Viagra sales don't meet expectations

May 20, 2007

While sales of erectile dysfunction drugs like Viagra have been steady since their release, their popularity has not met expectations, the Miami Herald said.

The newspaper Saturday reported while initial annual sales estimates for Viagra alone were around $5 billion, the total sales of the top three erectile medications have totaled $3 billion a year.

While sales of the drugs have been somewhat disappointing, they have been credited by some with making erectile dysfunction a less embarrassing medical condition.

"Before Viagra, a lot of men with erection problems were angry and withdrawn in their relationships," sex counselor Dr. Judy Kuriansky said. "They didn't want sex; their partners didn't know what was going on; the women blamed themselves, and it was a mess."

The Herald said that failure of the drug to work for all men may be behind the medication's lack of success as erections only occur in two out of three men when the problem has an organic basis.

Copyright 2007 by United Press International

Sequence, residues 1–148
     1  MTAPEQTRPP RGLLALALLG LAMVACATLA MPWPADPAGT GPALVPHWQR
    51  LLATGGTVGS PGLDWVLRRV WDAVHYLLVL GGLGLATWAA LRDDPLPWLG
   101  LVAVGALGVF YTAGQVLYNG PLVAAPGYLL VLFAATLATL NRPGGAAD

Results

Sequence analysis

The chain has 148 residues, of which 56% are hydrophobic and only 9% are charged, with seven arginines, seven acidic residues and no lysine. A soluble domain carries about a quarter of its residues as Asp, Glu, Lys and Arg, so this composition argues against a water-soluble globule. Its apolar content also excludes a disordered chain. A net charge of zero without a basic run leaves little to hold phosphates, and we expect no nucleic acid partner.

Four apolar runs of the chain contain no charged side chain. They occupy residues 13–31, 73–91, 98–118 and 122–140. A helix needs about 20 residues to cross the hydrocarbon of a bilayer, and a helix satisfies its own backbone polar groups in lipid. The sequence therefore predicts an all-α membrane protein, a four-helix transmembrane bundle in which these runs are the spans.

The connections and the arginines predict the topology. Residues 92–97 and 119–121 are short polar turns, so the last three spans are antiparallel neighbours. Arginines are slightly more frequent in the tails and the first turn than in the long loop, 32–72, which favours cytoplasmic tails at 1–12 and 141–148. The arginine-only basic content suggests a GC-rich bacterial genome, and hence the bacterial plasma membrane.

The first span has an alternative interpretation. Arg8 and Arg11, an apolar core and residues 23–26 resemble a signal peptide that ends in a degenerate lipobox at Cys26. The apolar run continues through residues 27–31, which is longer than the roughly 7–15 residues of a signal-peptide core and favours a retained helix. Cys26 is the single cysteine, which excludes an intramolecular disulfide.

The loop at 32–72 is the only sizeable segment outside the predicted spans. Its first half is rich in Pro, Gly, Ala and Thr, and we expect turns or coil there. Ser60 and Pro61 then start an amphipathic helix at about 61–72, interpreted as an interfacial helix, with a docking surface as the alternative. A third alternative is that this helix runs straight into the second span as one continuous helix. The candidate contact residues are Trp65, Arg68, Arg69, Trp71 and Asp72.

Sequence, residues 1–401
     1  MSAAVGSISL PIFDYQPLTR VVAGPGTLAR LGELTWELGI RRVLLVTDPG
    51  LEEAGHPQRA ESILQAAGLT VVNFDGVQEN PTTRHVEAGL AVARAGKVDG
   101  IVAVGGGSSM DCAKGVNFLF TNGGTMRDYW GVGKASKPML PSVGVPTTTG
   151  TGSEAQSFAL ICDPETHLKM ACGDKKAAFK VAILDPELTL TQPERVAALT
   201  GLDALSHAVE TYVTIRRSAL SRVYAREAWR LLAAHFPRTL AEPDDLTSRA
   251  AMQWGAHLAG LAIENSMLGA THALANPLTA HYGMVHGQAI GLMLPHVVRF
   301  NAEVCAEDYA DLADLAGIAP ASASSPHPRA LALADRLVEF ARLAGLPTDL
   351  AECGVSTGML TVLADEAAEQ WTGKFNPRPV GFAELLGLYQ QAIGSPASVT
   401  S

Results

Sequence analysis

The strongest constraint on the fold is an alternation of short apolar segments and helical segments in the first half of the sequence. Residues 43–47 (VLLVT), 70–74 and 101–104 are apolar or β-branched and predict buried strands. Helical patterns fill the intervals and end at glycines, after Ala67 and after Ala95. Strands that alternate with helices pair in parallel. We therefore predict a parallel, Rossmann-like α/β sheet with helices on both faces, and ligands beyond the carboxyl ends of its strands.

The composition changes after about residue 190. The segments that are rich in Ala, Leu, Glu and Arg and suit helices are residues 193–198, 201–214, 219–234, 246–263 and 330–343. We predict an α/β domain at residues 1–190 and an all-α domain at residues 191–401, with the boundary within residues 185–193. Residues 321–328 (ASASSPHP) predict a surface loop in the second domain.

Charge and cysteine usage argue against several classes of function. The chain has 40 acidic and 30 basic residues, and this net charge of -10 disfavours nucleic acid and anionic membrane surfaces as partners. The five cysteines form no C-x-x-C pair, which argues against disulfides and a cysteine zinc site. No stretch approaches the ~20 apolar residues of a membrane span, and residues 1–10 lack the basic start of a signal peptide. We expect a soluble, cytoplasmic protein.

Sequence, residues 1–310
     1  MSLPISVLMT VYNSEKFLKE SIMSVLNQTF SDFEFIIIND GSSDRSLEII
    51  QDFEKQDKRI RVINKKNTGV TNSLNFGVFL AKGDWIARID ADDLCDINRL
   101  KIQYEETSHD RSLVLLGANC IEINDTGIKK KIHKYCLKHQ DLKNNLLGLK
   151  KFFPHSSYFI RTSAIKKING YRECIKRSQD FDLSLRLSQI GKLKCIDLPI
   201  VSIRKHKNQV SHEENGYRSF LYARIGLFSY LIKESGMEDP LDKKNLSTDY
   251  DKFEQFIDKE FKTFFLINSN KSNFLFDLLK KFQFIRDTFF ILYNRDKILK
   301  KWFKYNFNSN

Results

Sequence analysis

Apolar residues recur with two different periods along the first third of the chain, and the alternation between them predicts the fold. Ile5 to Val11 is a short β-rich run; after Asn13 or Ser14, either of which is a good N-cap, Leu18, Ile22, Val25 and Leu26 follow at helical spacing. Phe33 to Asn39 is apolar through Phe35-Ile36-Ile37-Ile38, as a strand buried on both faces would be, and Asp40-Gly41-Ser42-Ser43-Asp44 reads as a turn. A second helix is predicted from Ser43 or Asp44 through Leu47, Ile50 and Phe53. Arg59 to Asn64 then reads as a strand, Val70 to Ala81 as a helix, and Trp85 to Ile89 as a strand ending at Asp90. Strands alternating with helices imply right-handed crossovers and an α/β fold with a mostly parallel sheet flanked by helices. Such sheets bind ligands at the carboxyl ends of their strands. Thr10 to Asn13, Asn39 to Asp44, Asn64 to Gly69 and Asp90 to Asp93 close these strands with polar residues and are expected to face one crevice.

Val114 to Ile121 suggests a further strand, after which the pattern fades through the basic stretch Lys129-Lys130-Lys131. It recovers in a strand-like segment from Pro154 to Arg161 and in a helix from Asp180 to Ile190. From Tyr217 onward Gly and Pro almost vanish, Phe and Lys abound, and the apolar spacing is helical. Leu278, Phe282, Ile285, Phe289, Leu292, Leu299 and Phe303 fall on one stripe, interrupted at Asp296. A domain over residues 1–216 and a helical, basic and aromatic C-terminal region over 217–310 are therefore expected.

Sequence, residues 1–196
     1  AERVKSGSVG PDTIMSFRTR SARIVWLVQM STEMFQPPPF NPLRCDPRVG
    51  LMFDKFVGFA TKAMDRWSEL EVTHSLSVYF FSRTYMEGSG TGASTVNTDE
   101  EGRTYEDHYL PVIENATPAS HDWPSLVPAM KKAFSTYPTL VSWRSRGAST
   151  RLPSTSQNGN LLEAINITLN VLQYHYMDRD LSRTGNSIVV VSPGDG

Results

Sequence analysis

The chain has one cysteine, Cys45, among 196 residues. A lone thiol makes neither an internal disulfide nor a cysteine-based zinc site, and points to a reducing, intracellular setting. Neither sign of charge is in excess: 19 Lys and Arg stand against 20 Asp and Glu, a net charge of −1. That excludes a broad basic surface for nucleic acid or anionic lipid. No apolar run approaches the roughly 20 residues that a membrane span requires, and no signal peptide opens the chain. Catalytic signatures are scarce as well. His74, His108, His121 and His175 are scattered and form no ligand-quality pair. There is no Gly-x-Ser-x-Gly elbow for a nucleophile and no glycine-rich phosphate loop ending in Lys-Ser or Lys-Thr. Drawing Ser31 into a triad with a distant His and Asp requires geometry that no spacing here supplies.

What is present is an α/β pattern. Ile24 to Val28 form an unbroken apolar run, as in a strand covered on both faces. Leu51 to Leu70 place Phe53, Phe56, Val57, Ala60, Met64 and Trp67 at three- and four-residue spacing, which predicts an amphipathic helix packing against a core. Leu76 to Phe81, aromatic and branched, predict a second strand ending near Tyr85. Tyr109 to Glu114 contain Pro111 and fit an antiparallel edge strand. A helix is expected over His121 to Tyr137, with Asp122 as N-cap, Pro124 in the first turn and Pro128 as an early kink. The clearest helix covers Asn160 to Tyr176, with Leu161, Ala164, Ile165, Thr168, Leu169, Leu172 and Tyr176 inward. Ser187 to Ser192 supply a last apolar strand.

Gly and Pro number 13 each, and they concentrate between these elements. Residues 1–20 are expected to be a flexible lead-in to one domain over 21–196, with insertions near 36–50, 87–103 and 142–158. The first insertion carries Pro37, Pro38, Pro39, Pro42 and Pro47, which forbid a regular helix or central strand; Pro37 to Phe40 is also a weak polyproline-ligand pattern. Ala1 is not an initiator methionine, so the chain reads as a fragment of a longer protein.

Explore further: Expression of privilege in vaccine refusal

add to favorites email to friend print save as pdf

Related Stories

Zambia lifts ban on safari hunting

26 minutes ago

Zambia has lifted a 20-month ban on safari hunting because it has lost too much revenue, but lions and leopards will remain protected, the government said Wednesday.

Recommended for you

Expression of privilege in vaccine refusal

3 hours ago

Not all students returning to school this month will be up to date on their vaccinations. A new study conducted by Jennifer Reich, a researcher at the University of Colorado Denver, shows that the reasons why children may ...

Using computers to design drugs

Aug 22, 2014

Designing a new medicine is an expensive and time consuming business. Typically it takes around $2 billion and ten years for a new drug to move from its initial design in the lab, to the clinic. All the ...

Lilly psoriasis drug fares well in late-stage test

Aug 22, 2014

Drugmaker Eli Lilly and Co. said its potential psoriasis treatment fared better than both a fake drug and a competitor's product during late-stage testing on patients with the most common form of the skin disease.

User comments : 0